I’m still waiting for someone to give me a proper, rational explanation of why the level of funding in English universities matters a damn relative to Scottish ones. If Scotland’s been able to fund its universities since 1999, why would they suddenly need hundreds of millions of pounds extra now to provide the same services? “Competition”? Competition for what, exactly? Demand for Scottish university places already outstrips supply by a distance, and that’s only likely to become more true as the terrifying cost of tuition in England takes hold.
Are our universities producing graduates with third-rate degrees now? Not that I’m aware of. So what do we suddenly need so much extra money for, to fill a “funding gap” that has no discernible practical meaning that I can discern? Just saying “competition” all the time isn’t an answer.
I agree. The only argument for it should be are our universities not able to produce graduates of the calibre Scotland needs and that extra funding would help them to do that through better facilities, paying for better lecturers etc.
I dont think anyones made that argument for fees (either here or down south). here it all seems to be about competing with other institutions in England, and down there its all about reducing the deficit (which as Bandages points out is actually going ot make the situation worse, as the Government needs to borrow more money to fund the student loans!).
The other possibility is of course to fund those better facilities through government spending – direct capital grants, subject to appraisal. Though if any sector really needs the investment, I would argue that its the further education colleges, and not the universities. Its not more graduates Scotland needs, but more people with the real life skills we need.
The market for university staff is a truly international one. If Scottish universities cannot afford to pay for the best lecturers and academics to teach our students, they will, perfectly understandably, go elsewhere. There’s also the question of research, which is as expensive as it is vital to our economy as well as to our universities. All of that has a knock-on effect on students: do we really want our universities to become the third or fourth choice for academics and students?
We’re not in a union with China or France though. There’s a more basic point that you are imissng though, whether or not Scottish students (as constituents of Scottish MPs) go to English universities. If English universities can charge up to a39,000, then they will be better institutions quickly (assuming some of the money is reinvested in facilities and, crucially, staff). Scottish universities won’t be able to compete and staff from up here like your NHS doctors going private will follow the money, leaving our universities worse off. This impacts on our students falling standards, both in the fact that the universities here don’t have the same levels of funding and because their staff are perhaps of a lesser quality.For me, that legitimises Scottish MPs voting on the issue.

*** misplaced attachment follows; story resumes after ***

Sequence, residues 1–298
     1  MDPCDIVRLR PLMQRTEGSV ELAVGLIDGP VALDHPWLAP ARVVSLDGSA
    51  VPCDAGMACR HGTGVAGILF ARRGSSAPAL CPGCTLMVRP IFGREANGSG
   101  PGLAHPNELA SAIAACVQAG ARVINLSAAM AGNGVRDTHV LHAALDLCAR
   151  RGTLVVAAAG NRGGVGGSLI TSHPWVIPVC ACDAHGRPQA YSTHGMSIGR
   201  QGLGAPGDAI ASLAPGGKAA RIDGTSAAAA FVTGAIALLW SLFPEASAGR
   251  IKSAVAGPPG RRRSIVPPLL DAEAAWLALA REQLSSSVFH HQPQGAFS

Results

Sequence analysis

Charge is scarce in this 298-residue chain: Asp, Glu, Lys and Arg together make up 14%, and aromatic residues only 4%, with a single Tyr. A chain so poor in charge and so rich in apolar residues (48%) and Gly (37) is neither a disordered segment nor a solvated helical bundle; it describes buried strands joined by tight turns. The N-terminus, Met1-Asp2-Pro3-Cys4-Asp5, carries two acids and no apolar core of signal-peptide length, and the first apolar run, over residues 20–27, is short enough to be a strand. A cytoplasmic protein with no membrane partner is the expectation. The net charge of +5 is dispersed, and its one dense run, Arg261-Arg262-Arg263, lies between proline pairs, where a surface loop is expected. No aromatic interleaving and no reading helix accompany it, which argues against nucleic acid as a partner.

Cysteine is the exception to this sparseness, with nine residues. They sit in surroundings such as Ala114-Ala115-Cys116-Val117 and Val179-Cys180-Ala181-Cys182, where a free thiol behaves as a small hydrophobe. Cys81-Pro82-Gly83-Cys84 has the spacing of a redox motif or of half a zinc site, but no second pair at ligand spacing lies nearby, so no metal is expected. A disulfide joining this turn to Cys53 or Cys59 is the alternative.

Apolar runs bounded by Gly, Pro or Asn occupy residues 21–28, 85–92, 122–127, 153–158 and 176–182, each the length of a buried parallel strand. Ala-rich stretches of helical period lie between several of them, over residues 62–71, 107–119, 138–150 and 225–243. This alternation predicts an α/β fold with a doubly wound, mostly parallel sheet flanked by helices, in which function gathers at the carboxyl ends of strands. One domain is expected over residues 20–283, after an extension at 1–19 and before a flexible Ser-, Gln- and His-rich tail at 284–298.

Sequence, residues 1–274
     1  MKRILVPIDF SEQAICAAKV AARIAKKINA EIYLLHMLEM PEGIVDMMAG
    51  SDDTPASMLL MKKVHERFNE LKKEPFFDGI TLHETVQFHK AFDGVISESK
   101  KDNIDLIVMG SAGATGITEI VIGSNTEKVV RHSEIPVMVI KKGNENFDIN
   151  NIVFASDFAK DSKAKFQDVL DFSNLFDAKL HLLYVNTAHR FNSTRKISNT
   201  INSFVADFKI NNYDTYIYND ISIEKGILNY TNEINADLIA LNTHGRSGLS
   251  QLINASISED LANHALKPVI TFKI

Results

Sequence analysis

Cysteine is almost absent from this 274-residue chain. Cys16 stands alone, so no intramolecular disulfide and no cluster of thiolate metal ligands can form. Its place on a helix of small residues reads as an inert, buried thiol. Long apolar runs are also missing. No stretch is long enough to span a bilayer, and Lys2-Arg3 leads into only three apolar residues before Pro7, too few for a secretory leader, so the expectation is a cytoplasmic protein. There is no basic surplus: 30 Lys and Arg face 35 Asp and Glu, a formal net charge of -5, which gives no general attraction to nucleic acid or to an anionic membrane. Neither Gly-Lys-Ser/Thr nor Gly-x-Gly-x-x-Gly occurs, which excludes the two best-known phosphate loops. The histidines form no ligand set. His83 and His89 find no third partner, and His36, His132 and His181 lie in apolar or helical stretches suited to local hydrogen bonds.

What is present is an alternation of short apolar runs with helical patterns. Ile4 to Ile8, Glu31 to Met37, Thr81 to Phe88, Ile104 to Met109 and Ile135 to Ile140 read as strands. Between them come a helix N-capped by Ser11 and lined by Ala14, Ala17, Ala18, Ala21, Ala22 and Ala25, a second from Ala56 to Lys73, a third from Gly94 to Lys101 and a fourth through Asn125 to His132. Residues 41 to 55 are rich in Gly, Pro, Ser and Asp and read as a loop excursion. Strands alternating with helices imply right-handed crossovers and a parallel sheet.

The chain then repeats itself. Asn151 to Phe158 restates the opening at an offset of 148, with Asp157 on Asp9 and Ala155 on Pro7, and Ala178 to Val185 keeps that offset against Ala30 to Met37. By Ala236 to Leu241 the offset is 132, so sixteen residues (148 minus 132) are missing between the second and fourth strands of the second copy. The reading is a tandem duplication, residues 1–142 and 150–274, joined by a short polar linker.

Well, we are in a union with France but not one that involves hivang a say over the other’s domestic budget. And, similarly, the UK union is arranged such that England doesn’t have a say over how Scotland spends its education and budget and Scotland shouldn’t have a say over England’s, as both the Conservatives and Lib Dems agree going by their proposed solutions to the West Lothian question.I agree with your point though that the advancement of English universities and colleges to the direct detriment of Scottish equivalents allows Lib Dem MPs to have a vote, but only against the proposals. I do not see how, through either the pledges, the impact on Scottish universities and/or through the West Lothian question, any Scottish Lib Dem MP could bring themselves to vote in favour of these proposals. Hence my waiting and seeing with baited breath what these undecideds decide to do.Abstaining is just about fair game I reckon.
Subtract one of those “discern”s…
Oh dear, oh dear.
You post this the day after a damning Public Accounts Committee report on the Coalition Government’s policy on higher education funding which concludes that “The Department faces a potential funding gap of several hundred million pounds if the fees set by institutions significantly exceed its expectations.”
You say that, without tuition fees, “The funding gap simply cannot be met by the public purse”.
The Public Accounts Committee says that with tuition fees the public purses faces a “potential funding gap of several hundred million pounds”.
You say that in England, “universities will be far, far better funded than Scottish ones”
Sally Hunt, general secretary of the UCU lecturers’ union, commenting on the PAC report, says of the Coalition Government that, “Unless they pause, like they did with the NHS, they will do lasting damage to the sector,” and “It is clear they have got their sums completely wrong and that their entire funding model is in disarray.”